I decided to take a day off from the work I'm usually doing and try something new for a change to help break up my pace and stop me from turning into a zombie... I thought it would fun to experiment with lighting and volumes to create the effects of light rays piercing through the cracks of the wooden planks.
As i've never tried lighting before I searched for a tutorial online that would teach me what I needed for the effect I was trying to make, it was difficult to find a tutorial which was easy enough for a beginner like myself to follow and understand correctly but i eventually found this one http://www.cgbootcamp.com/tutorials/2010/8/10/maya-rendering-light-rays-in-mental-ray.html
I followed the step by steps and applied them to my own scene which was the interior of the treehouse, I was surprised to find many of the settings to get the lighting right were actually attributes which have to be adjusted in the render settings, I was mostly interested by the 'Physical Sun and Sky' feature that inserts a light based background with an adjustable horizon which represents a natural light in the scene from the sun which can be seen in the shot above which is more of a mid-day sun. Just knowing about this feature has opened my eyes to a whole world of possibilities in terms of me modelling for environments and making renders, so I'm excited to implement it into future pieces of work I do for myself and my portfolio. in terms of this project however it may not find a place as our shots are meant to be very dark and stormy and a 'Physical Sun and Sky' would slow our render time considerably, even if we set it to night time it will hardly be seen as well so in the long run it will not be practical.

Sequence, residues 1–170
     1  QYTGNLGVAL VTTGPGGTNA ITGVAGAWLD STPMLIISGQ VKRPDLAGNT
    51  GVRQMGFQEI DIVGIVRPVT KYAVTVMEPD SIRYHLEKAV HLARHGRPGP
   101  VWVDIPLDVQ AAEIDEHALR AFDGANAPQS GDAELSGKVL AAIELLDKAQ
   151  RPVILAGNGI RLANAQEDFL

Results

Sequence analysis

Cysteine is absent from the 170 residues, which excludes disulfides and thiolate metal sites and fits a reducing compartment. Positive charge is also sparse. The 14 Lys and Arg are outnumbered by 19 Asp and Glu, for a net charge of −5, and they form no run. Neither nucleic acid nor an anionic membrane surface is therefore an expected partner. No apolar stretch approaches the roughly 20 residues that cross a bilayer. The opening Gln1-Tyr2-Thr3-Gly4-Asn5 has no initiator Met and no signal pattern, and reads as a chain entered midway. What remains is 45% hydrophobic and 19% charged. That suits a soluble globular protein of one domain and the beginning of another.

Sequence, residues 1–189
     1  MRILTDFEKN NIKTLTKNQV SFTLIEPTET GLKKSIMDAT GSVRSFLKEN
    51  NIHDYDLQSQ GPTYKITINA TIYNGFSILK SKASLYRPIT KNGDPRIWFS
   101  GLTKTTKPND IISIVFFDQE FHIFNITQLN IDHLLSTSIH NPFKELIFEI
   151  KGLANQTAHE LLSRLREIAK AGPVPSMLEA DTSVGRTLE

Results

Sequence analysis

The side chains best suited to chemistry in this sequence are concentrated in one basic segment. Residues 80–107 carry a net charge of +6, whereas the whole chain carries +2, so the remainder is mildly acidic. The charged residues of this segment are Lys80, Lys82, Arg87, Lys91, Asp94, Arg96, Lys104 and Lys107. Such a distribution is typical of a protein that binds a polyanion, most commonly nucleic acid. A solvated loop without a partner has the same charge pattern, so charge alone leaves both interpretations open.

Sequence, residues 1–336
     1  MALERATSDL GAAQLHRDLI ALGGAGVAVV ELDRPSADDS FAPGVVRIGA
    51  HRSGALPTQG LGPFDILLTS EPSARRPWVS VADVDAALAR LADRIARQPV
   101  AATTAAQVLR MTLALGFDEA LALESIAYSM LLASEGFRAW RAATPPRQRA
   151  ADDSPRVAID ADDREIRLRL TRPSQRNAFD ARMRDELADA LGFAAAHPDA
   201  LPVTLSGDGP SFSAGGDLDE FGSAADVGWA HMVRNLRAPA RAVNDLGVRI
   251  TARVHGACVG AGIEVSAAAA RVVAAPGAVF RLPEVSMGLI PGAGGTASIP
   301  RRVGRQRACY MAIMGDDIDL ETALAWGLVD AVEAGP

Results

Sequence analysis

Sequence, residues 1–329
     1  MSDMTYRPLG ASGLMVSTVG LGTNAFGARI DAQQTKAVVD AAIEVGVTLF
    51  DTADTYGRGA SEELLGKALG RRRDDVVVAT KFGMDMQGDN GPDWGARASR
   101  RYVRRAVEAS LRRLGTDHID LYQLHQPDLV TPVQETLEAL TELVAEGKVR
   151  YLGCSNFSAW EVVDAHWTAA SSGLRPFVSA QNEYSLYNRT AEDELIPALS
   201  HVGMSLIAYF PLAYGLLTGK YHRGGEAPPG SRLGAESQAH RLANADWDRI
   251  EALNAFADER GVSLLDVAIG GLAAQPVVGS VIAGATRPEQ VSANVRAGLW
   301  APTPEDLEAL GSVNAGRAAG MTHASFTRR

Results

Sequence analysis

The image above is a render showing the 'Physical Sun and sky) feature in conjunction with a particle volume node to create the lights rays through the cracks. However to render this single frame took 2 1/2 hours and the results are less than satisfactory in my opinion as the light rays look incredibly grainy and have a strange pattern on them which reminds me of the caustics and patterns you would see when light shines to the bottom of a swimming pool. However in the end it was a fun experiment and I feel I gained a good amount of knowledge that will be useful in the long run of my career and personal development, but it will not be relevant to this project, especially since we already have James Ferdinando as our lighting artist who is a lot more experienced and technically capable than I could ever hope to be.